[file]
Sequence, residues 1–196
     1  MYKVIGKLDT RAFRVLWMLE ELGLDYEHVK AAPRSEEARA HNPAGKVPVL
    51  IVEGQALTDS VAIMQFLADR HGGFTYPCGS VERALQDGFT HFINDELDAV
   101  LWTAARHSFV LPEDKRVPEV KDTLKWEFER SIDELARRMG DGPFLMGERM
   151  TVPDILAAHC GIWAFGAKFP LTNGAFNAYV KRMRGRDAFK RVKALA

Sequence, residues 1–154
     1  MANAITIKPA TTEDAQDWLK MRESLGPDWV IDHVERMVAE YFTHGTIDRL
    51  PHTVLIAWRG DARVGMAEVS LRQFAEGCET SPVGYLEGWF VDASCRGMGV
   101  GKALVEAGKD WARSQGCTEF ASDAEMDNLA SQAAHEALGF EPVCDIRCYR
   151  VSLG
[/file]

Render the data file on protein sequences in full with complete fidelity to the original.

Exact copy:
Sequence, residues 1–196
     1  MYKVIGKLDT RAFRVLWMLE ELGLDYEHVK AAPRSEEARA HNPAGKVPVL
    51  IVEGQALTDS VAIMQFLADR HGGFTYPCGS VERALQDGFT HFINDELDAV
   101  LWTAARHSFV LPEDKRVPEV KDTLKWEFER SIDELARRMG DGPFLMGERM
   151  TVPDILAAHC GIWAFGAKFP LTNGAFNAYV KRMRGRDAFK RVKALA

Sequence, residues 1–154
     1  MANAITIKPA TTEDAQDWLK MRESLGPDWV IDHVERMVAE YFTHGTIDRL
    51  PHTVLIAWRG DARVGMAEVS LRQFAEGCET SPVGYLEGWF VDASCRGMGV
   101  GKALVEAGKD WARSQGCTEF ASDAEMDNLA SQAAHEALGF EPVCDIRCYR
   151  VSLG